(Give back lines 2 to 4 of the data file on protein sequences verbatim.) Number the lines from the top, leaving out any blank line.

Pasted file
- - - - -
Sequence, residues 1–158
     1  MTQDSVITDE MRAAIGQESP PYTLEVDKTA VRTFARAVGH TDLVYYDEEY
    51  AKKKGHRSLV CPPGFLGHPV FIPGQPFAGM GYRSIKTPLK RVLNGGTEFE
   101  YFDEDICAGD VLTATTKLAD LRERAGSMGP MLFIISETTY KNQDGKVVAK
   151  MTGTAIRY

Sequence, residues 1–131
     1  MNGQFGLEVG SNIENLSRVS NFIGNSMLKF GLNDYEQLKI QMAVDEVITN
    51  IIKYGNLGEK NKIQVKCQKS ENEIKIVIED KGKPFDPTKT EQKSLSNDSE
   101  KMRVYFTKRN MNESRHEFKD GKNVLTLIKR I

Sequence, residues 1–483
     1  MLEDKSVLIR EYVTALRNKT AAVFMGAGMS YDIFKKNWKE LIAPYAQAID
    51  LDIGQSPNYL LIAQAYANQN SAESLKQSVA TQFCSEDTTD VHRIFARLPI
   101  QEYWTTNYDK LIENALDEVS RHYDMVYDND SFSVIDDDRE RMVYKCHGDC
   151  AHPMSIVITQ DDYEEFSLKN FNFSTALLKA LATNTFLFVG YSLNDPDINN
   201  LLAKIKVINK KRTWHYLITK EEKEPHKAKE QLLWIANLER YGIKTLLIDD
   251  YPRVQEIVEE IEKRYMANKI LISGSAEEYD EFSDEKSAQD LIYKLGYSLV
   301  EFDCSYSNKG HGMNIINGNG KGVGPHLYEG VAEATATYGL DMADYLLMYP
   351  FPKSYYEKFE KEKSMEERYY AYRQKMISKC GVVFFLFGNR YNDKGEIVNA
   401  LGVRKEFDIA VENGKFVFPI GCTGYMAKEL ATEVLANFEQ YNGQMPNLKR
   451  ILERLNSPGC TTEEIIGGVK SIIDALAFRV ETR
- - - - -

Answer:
     1  MTQDSVITDE MRAAIGQESP PYTLEVDKTA VRTFARAVGH TDLVYYDEEY
    51  AKKKGHRSLV CPPGFLGHPV FIPGQPFAGM GYRSIKTPLK RVLNGGTEFE
   101  YFDEDICAGD VLTATTKLAD LRERAGSMGP MLFIISETTY KNQDGKVVAK